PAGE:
Source: Facebook for business
Furthermore, it is also possible to use custom audiences, integrating with internal CRM business data, or to create personalised audiences by levels of interaction and attachment with the brand. In addition, there is the option of activating tracking with pixels that can be personalised in each campaign or new options such as Facebook Attribution, which make the advertising impact in these channels much more qualified and selective than ever before in traditional media.
Social networks as a key player in the omnichannel experience
According to Global Web Index studies, there are 3.48 billion users who use social networks an average of 2 hours and 23 minutes a day, and use social media to follow their favorite brands and seek information about products to buy.
However, today, most brands are not really able to measure that impact on the final sale of product, especially in the offline world.
On the other hand, one of the most popular concepts in the world of marketing is the omnichannel experience as a key point of customer experience. This concept tries to make the user journey as simple as possible by being able to buy when, how and where you want, regardless of the channel.
This integration is more or less complex depending on the characteristics of each business model. In addition, and especially in organisations that depend on an offline service with sales teams, the online and ecommerce world is perceived internally more as a threat to their way of life than as a help.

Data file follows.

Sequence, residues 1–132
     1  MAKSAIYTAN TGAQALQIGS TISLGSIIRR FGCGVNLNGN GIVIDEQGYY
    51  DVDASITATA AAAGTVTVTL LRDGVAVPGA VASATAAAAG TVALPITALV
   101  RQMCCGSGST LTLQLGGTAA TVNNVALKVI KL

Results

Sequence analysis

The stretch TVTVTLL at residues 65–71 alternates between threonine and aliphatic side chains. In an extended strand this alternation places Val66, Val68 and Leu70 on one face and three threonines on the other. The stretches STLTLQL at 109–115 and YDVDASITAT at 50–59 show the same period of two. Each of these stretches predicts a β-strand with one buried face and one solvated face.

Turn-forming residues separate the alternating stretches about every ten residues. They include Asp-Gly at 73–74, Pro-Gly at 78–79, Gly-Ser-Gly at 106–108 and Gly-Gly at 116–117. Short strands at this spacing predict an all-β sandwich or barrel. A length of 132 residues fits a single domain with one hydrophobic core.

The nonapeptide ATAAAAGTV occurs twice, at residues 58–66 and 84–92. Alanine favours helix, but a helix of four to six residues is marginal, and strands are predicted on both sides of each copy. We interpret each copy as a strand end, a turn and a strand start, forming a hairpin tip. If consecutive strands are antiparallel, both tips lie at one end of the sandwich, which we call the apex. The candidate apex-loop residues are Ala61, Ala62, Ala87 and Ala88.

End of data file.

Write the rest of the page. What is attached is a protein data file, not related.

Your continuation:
But today, there are multiple options that these channels offer to encourage traffic to the physical point of sale, allowing full traceability of the user and building a more realistic attribution model.
One of the most common options is to redeem physical vouchers. These coupons do not always have to be of direct monetary value (discounts or offers), but can be pieces of exclusive content that can be of value to the user while conveniently allowing the business to trace their point of discovery.
source: Facebook for business
Another option that allows traffic to physical store are purpose-built campaigns. With dynamic ads in which both the text and the rest of the options of the ad are adapted to the location of the user to allow them to reach the nearest store.
Fuente: Facebook for business
And finally, we cannot disregard Francis Bacon’s notorious phrase, “information is power”, which we often ignore. Nowadays, social networks allow you to host your own information such as physical business and ecommerce locations. Having correctly optimized these platforms (including those that are not considered as properly social, as is the case of Google My Business) will have a direct correlation in traffic to store and business conversions.